Be careful about spending those old US bills
Now an update on my money.
I got a letter today from the Tucson Police department saying to pick up my $10.00 dollars, it turns out it was real money all along. I called Taco Bell, and the area manager Veronica was a JERK. They refuse to give me any freebies for the time I spent, waiting for the Police, and now I have to go clear across town to retrieve my money. So do yourself a favor instead of running for the border, run away from Taco Bell.
My story is below this story...
Be careful about spending those old $10 bills
By William Polley on March 9, 2005 1:04 PM | 1 Comment | No TrackBacks
From the Peoria Journal Star:
PEORIA - When Scott Stanard ordered his usual sausage, egg and cheese biscuit combo Monday morning, he got two policemen on the side.
Stanard said the staff at McDonald's, 3600 N. University St., called police after he handed over a $10 bill that they said was a fake.
"I kept wondering why they weren't giving me any change," said Stanard, who sat in the drive-through lane in his work van for several minutes before deciding to pull up and park.
"I knew I didn't do anything wrong - I got it from Family Video," he said, more upset from the embarrassment, and the fact that he didn't get his food.
Two officers arrived, talked to him and went in the restaurant to get the alleged funny money.
"(The police) said it was old - a 1950's series $10 bill - and the markers they use don't work on old money," Stanard said.
And the conclusion of the article:
In many instances, police will send suspected counterfeit money to the Secret Service for close scrutiny.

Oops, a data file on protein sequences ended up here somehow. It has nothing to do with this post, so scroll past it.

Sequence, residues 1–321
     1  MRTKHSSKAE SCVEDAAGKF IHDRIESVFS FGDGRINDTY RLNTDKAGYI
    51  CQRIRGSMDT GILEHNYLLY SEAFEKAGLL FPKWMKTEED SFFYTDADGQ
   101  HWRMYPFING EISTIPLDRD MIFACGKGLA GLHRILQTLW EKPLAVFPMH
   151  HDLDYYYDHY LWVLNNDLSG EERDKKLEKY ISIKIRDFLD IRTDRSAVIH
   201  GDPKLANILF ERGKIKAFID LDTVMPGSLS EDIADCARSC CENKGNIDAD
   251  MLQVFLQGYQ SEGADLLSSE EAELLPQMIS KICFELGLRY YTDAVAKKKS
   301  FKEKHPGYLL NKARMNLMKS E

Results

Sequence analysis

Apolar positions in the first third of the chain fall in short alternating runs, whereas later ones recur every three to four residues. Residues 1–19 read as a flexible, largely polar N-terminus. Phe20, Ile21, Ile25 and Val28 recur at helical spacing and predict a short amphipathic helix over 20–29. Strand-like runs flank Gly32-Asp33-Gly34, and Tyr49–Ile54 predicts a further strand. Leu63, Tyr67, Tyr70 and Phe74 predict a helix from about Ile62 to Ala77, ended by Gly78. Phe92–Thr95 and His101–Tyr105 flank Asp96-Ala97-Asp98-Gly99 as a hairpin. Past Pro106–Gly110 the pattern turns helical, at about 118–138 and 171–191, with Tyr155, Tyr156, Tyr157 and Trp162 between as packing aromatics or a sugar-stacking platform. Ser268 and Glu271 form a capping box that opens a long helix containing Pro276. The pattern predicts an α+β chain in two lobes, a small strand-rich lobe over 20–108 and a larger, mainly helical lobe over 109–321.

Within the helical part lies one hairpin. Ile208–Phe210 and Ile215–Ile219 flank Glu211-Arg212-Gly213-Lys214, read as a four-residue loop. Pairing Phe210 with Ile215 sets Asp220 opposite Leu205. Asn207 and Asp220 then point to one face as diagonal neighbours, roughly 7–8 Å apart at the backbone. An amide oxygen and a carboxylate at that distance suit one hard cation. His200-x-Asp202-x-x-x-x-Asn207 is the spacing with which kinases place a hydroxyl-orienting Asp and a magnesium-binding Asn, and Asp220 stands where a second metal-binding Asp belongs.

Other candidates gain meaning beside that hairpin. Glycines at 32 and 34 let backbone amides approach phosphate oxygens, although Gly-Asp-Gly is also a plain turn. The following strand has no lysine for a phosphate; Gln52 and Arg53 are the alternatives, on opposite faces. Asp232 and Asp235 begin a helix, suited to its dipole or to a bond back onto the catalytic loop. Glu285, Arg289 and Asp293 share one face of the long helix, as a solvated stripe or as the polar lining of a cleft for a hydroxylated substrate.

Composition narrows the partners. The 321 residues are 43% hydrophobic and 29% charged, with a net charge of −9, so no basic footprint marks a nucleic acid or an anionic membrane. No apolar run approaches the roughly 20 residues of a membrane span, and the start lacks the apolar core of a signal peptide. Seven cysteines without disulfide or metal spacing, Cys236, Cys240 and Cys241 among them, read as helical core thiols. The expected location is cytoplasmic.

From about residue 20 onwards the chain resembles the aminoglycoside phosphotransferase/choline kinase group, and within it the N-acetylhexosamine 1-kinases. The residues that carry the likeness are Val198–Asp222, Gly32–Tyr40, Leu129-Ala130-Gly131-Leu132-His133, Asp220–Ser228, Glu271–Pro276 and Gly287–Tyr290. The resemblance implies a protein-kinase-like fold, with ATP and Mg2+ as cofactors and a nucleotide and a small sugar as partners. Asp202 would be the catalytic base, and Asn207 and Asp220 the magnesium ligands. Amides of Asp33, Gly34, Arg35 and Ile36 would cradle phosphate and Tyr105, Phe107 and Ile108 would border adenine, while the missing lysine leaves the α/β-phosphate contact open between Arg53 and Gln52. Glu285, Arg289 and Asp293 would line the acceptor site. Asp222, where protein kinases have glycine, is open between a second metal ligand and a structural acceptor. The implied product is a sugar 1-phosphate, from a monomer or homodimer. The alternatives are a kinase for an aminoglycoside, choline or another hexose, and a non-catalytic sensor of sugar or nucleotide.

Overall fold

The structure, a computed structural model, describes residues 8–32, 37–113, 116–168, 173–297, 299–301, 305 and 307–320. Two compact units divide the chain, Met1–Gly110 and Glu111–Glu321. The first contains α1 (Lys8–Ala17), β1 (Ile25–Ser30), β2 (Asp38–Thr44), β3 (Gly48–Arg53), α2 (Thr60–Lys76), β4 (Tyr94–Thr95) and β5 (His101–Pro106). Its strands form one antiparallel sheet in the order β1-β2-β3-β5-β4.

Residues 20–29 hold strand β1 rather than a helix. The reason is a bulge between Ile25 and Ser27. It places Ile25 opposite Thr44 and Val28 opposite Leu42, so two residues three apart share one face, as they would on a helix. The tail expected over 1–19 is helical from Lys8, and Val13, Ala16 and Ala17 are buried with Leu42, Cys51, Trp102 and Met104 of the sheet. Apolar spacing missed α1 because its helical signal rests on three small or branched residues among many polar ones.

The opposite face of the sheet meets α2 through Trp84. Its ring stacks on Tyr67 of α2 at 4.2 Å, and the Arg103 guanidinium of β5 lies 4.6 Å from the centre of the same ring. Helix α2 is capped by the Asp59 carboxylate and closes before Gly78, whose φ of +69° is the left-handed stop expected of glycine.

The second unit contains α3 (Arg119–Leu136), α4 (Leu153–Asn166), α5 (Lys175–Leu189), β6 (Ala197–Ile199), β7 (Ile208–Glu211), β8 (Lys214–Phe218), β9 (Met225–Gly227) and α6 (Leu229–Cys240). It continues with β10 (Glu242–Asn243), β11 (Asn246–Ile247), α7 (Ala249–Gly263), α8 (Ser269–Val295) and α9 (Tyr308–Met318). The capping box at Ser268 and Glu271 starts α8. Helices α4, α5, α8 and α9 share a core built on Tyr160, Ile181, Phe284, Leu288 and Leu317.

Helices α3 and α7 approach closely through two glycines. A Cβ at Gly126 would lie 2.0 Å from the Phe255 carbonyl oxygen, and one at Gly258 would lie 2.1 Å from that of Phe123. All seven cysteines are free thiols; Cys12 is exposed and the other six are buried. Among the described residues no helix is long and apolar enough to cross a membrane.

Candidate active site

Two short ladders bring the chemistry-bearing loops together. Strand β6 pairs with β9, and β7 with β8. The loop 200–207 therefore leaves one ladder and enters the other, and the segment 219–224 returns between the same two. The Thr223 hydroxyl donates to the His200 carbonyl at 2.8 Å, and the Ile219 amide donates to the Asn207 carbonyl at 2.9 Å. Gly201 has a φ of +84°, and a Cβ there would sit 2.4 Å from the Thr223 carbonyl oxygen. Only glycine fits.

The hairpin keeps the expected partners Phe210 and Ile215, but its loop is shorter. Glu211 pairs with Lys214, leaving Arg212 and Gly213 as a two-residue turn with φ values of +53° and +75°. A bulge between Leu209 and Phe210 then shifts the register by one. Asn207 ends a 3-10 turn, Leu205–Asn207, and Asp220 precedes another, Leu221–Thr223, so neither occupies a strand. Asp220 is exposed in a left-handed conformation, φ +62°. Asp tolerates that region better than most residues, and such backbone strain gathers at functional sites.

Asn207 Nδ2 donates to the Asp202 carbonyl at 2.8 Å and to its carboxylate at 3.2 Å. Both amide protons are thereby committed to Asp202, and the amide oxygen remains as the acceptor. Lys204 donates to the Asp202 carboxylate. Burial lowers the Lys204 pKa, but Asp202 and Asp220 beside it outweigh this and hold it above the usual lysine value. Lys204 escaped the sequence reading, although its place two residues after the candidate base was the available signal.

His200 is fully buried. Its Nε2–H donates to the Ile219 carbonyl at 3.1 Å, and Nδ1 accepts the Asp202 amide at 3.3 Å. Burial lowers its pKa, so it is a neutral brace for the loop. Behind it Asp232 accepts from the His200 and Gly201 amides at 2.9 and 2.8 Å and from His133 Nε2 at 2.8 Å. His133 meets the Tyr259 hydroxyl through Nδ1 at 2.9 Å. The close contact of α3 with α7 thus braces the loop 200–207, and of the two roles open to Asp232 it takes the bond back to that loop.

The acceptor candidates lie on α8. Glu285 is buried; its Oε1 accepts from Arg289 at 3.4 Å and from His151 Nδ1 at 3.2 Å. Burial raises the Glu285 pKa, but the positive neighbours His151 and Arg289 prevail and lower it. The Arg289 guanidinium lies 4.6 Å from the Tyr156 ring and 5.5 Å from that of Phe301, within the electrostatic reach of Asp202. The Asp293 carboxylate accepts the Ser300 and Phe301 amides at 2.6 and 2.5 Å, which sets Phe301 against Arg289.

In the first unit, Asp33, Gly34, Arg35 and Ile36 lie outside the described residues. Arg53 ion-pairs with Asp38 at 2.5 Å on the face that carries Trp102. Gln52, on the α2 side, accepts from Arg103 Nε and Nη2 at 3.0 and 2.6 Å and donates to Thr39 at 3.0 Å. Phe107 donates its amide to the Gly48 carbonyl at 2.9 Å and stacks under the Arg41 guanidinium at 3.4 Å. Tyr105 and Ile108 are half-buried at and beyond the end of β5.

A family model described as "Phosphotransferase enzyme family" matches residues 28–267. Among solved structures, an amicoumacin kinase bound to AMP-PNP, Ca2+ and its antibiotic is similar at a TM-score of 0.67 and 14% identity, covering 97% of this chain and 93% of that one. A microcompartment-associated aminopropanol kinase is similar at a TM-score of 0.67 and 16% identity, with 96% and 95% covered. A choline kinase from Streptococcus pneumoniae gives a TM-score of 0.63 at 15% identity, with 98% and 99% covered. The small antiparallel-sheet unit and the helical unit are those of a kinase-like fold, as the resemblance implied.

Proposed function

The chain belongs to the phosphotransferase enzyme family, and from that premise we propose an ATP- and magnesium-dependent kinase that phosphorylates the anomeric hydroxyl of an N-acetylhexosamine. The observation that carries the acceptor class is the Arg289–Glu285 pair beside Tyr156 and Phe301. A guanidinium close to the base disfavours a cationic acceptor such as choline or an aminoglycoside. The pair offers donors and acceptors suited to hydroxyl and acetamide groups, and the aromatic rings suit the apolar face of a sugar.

In Stanard's case, [Secret Service agent] Pingolt suspected the officers were able to tell the $10 bill was old and wouldn't stand up to the marker test. Hence, Stanard was not arrested, Pingolt said.
Stanard said police took the $10 bill, telling him he could pick it up later if it was real. If the bill turned out to be fake, it would be destroyed.
Despite still being peeved at the McDonald's management, Stanard was pleased Tuesday. He got his money back.
If the bill was in good condition and from the 1950's it might have had some collectable value. Of course now it probably has a big marker stain on it from those counterfeit detecting markers, making it worth...$10.
At least the police exercised some common sense and didn't haul the guy off in handcuffs as sometimes happens.
I had the same thing happen to me this week in Tucson Az., at the Taco Bell on Golf Links/Harrison. On Wed. May 4th, I was in the drive through, and I handed them a Ten Dollar bill which was dated 1969, and back then our US money did not have the security strips, or the watermarks on them. The casher held it up to the light to look for these features, she didn't see them, so she went back to the manager with the bill. He came back up to the drive through counter, and told me that the bill was no good, and was funny money. I tried to tell them about how money used to be. So they said they had to keep it and call the Police. I called 911 myself, and told the Police to come ASAP. They came, looked at my money, and said it looked real to them, but they had to take it, seeing Taco Bell complained. So now it is in the hands of the city of Tucson, waiting for the Secret Service approval of it being real money.